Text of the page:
SPA Assistant Professor Claudia Persico recently published a paper in the Journal of Labor Economics identifying which environmental and social factors affect the diagnosis of disabilities in children.
The article, “School Segregation and Racial Gaps in Special Education Identification,” was co-authored by Persico, David Figlio of Northwestern University, and Todd Elder and Scott Imberman of Michigan State University.
Using data from Florida that linked birth and education records, the researchers discovered that Black and Hispanic students were overrepresented in special education programs in schools with relatively small proportions of minorities and under-identified in schools with large minority shares.
“Social comparisons among kids seem to be important in terms of diagnosing disability,” Persico said. “Students who stick out because of race are more likely to potentially get a disability diagnosis.”
However, the picture is complex. A 2020 companion paper by Elder, Figlio, Imberman, and Persico published in the American Journal of Health Economics found low birth weight to be the strongest predictor of disability. Because of health disparities affecting birth outcomes, Black and Latino babies tend to weigh less than white babies.
Persico hopes that these findings influence policymakers as they work to correct disproportionality in special education. Under the federal Individuals with Disabilities Education Act, this might mean that states are denying access to specialists to disabled kids who may benefit from special education, she continued.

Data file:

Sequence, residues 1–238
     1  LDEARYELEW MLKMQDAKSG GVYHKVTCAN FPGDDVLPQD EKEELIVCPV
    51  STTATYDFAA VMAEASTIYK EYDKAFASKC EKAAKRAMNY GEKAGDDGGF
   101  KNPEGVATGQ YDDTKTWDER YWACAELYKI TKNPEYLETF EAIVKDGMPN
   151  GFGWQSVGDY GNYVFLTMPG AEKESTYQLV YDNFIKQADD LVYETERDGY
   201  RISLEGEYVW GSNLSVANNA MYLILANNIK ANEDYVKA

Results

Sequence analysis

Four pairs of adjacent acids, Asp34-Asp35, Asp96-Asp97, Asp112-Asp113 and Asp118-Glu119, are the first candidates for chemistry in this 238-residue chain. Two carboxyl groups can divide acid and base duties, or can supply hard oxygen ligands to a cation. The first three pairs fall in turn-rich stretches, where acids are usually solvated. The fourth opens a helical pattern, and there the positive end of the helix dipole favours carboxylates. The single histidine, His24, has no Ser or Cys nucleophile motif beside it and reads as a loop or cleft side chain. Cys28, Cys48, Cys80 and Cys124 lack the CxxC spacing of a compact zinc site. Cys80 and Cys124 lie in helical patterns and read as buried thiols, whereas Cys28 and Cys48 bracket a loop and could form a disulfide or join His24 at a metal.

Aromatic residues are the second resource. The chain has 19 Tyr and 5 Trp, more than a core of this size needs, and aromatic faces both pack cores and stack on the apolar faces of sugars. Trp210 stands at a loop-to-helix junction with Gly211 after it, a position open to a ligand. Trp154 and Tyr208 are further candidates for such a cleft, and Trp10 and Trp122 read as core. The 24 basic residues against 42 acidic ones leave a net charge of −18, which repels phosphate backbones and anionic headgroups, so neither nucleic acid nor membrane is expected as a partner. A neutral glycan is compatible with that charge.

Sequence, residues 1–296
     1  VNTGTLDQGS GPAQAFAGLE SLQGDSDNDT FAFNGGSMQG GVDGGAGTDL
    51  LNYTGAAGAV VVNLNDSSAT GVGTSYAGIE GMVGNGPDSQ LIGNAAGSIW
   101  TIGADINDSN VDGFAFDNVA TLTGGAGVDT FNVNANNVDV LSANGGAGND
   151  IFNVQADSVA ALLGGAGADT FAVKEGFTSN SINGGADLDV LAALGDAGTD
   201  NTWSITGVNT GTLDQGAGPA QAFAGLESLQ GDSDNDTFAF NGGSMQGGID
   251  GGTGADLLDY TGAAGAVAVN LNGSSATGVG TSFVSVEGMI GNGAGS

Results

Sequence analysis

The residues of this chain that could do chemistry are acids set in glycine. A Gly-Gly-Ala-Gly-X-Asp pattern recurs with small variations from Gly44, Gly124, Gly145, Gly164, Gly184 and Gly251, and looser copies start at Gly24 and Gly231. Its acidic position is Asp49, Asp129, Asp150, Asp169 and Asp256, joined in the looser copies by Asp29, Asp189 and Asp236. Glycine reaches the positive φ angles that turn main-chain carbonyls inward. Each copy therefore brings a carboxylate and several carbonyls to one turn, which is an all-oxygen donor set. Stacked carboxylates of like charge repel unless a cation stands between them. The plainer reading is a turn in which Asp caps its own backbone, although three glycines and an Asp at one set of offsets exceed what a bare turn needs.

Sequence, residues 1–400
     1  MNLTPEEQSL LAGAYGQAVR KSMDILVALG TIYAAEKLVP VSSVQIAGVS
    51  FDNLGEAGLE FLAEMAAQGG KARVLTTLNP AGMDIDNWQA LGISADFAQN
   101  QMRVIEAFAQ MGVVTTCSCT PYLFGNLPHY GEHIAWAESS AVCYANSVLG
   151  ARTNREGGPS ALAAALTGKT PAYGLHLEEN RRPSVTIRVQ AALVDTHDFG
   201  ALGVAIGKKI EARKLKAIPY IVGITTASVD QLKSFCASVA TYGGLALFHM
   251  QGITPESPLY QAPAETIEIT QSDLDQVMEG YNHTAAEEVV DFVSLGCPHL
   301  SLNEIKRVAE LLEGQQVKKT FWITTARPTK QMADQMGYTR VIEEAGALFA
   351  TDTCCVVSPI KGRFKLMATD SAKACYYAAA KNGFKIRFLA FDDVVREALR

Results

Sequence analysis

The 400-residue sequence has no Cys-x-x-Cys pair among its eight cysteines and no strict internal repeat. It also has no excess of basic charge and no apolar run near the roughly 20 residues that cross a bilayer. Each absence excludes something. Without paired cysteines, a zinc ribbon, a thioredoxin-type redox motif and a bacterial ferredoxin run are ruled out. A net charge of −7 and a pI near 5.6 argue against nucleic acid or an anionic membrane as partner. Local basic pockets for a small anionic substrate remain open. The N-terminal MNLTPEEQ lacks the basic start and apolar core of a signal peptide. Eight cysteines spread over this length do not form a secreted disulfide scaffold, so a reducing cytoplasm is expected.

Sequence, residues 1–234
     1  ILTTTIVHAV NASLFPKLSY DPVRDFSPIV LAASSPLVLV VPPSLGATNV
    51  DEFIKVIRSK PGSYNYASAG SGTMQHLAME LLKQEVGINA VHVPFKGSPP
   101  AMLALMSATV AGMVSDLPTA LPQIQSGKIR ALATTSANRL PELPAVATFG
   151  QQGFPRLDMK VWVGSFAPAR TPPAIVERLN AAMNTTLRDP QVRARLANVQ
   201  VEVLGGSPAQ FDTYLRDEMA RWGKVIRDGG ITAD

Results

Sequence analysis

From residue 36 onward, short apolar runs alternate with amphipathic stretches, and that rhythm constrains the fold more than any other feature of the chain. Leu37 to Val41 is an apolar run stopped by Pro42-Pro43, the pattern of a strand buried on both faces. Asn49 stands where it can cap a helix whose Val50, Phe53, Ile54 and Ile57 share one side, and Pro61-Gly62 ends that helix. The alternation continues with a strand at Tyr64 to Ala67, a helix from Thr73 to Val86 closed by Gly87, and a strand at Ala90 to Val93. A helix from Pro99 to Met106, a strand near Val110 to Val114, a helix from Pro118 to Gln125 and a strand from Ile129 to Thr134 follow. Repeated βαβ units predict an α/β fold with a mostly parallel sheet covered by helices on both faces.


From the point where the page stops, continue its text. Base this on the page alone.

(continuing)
“There are biological factors involved in disability that need to be taken into account when thinking about who gets a diagnosis,” she said.
Persico said that she and her colleagues were amazed by the consistency of the patterns in over- and under-identification. The Florida dataset was ideal: the large state maintained consistent school performance data over time, and is demographically representative of the United States, with Blacks and Latinos each comprising about 20% of its residents. These characteristics make the findings of the study generalizable to other parts of the country, Persico said.
“I hope that states and the federal government potentially take this information into consideration when thinking about disproportionality,” she continued. “There are situations in which there is significant disproportionality that happened because of structural racism . . . On average, we know that race and social class are important predictors of diagnosis with disability—and social context really does seem to matter.”